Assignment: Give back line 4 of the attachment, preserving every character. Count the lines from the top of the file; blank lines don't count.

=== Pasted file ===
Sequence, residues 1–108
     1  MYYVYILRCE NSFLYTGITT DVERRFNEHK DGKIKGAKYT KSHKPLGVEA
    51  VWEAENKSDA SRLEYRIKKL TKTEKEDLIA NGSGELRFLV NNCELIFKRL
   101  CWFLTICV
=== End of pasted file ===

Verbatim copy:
   101  CWFLTICV